Carol Prusa

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Carol Prusa
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Born1956 (age 66–67)
CitizenshipUnited States of America
OccupationVisual Artist

Carol Prusa (born in Chicago, 1956) is an American visual artist known for her meticulous large scale silverpoint technique and use of unexpected materials from sculpted resin and fiberglass to metal leaf and LED lights with a focus on astrophysics. In the 2015 catalogue essay for the National Gallery of Art exhibition Drawing in Silver and Gold: Leonardo to Jasper Johns, Bruce Weber called Carol Prusa “one of the most innovative artists working in metalpoint today.”[1]. Prusa holds a B.S. from the University of Illinois (1980) and an M.F.A from Drake University (1985).

Public and Private Collections

Notable public and private collections of Prusa's work include Perez Art Museum Miami, the Museum of Arts and Design, the Telfair Museums, Hunter Museum of American Art, University of Wyoming Art Museum, Spencer Museum of Art, Daum Museum of Contemporary Art, Arkansas Arts Center, Museum of Art Fort Lauderdale, Evansville Museum of Arts, History and Science, the Girls' Club Foundation, and the Agnes Gund collection.


Prusa has mounted many solo and group exhibitions. Notable selections include

  • the Louisiana Art and Science Museum at Baton Rouge station (2021)
  • Night Vision at the Anne Norton Sculpture Garden at Norton House (West Palm Beach, Florida) (2020)
  • Dark Light at the Boca Raton Museum of Art (2019)
  • John Michael Kohler Arts Center (2012)
  • The Future of Craft (2018) at the Museum of Arts and Design where Prusa was exhibited alongside Sanford Biggers, Cauleen Smith, Josh Faught, and Lauren Kalmar
  • FLATT??? (2018) at the Kentler International Drawing Space
  • Glasstress (2017) alongside artists Petah Coyne, Michael Joo, Vik Muniz, Cornelia Parker, Thomas Schütte, and Fred Wilson (artist)
  • Miami Biennale (2015-2016) with El Anatsui and James Turrell among others
  • The Chosen (2014) at the Jewish Museum of Florida alongside Louise Nevelson, Nick Cave (performance_artist), Julian Opie, and George Segal (artist)
  • Luminous Line (2010) at Scripps College
  • Set to Manual (2009) at Girls’ Club Foundation with Vija Celmins, Annette Messager, Kiki Smith, and Jessica Stockholder
  • Starry Messenger (2009) at the Louisiana Art and Science Museum at Baton Rouge station


Achievements include a Southeastern Conference Academic Consortium Artistic Achievement Award in 2017 and nomination by Judy Pfaff for the American Academy of Arts and Letters Invitational in 2015 that resulted in a Purchase Award by the committee chaired by Eric Fischl. In 2007, Prusa received a George A. and Eliza Gardner Howard Foundation artist fellowship through Brown University. Prusa has also curated notable exhibitions, including co-curating Pour (2013) at Lesley Heller (NYC) and Asya Geisberg Gallery (NYC) which featured works by David Reed (artist), Carrie Moyer, Roland Flexner, and Jackie Saccoccio among others. Prusa regularly lectures about her work at venues including Carnegie Mellon University, University of Cape Town, and Parsons School of Design. She was the 2019 Edwards Distinguished Professor in the Arts at Marshall University. Prusa has participated in notable artist residencies including Kohler Co. Artist in Industry and in 2020 was selected as one of six artists with six scientists to participate in Scientific Delirium Madness--a month-long residency at Djerassi Artists Residency that includes public and academic forums, published blogs and articles in Leonardo, the International Society for the Arts, Sciences and Technology journal published by MIT Press.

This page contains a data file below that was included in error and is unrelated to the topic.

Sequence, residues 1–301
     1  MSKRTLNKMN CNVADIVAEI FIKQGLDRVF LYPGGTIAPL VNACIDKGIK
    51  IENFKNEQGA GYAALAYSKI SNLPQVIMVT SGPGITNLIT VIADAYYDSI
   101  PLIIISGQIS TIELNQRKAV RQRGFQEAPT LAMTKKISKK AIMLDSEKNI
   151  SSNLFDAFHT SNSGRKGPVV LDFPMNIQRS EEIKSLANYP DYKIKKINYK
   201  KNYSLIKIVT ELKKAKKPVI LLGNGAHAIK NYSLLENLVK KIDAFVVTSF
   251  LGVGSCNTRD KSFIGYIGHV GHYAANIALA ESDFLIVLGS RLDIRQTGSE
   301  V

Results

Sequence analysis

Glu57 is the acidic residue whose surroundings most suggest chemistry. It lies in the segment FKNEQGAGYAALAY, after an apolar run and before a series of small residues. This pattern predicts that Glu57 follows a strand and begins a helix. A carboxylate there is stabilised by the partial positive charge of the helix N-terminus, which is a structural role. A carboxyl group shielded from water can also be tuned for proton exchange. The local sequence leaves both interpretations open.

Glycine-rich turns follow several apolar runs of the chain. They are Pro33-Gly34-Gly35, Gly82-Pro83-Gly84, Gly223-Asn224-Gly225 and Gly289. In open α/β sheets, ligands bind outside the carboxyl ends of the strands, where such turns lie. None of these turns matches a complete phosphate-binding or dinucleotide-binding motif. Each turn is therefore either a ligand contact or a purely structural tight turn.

In a 2014 feature in Elephant Magazine, Margherita Dessanay writes that Carol Prusa uses art to investigate “the boundless wonders of the universe.”[2] And Kara Walker-Tome, writing for The Art Economist Magazine (June 2011), states: “Carol Prusa creates a new vision of the powers of the universe in each artwork she makes. Inspired by cosmology and all of the natural sciences, Prusa creatively explores these practices, arriving at pictorially stunning re-interpretations of their theories.”[3] Logan Royce Beitmen opens, in the catalog essay for Dark Light published by the Boca Raton Museum of Art (2019), with, “Carol Prusa is a visual alchemist whose work harnesses cosmic chaos and makes invisible forces materialize before our eyes.”[4]

Recent Press


  1. "Drawing in Silver and Gold". May 26, 2015 – via
  2. "Elephant #19 - £14.99 -". Elephant Kiosk.
  3. "Art Economist Magazine – Artist to watch".

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